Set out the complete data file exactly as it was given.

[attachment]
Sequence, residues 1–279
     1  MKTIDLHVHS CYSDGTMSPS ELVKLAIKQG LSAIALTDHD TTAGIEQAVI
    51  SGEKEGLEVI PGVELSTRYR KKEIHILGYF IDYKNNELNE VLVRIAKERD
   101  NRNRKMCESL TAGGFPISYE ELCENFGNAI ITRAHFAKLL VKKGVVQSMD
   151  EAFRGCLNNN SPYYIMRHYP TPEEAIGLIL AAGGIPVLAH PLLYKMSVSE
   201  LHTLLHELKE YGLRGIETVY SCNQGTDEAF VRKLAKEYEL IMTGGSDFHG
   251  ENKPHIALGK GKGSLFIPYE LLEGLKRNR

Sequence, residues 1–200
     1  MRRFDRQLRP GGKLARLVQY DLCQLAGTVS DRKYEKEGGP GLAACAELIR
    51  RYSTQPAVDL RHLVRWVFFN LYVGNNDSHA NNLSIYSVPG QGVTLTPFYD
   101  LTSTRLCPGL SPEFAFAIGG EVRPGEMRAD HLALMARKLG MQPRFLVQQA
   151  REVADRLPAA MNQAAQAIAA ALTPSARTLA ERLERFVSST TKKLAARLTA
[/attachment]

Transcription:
Sequence, residues 1–279
     1  MKTIDLHVHS CYSDGTMSPS ELVKLAIKQG LSAIALTDHD TTAGIEQAVI
    51  SGEKEGLEVI PGVELSTRYR KKEIHILGYF IDYKNNELNE VLVRIAKERD
   101  NRNRKMCESL TAGGFPISYE ELCENFGNAI ITRAHFAKLL VKKGVVQSMD
   151  EAFRGCLNNN SPYYIMRHYP TPEEAIGLIL AAGGIPVLAH PLLYKMSVSE
   201  LHTLLHELKE YGLRGIETVY SCNQGTDEAF VRKLAKEYEL IMTGGSDFHG
   251  ENKPHIALGK GKGSLFIPYE LLEGLKRNR

Sequence, residues 1–200
     1  MRRFDRQLRP GGKLARLVQY DLCQLAGTVS DRKYEKEGGP GLAACAELIR
    51  RYSTQPAVDL RHLVRWVFFN LYVGNNDSHA NNLSIYSVPG QGVTLTPFYD
   101  LTSTRLCPGL SPEFAFAIGG EVRPGEMRAD HLALMARKLG MQPRFLVQQA
   151  REVADRLPAA MNQAAQAIAA ALTPSARTLA ERLERFVSST TKKLAARLTA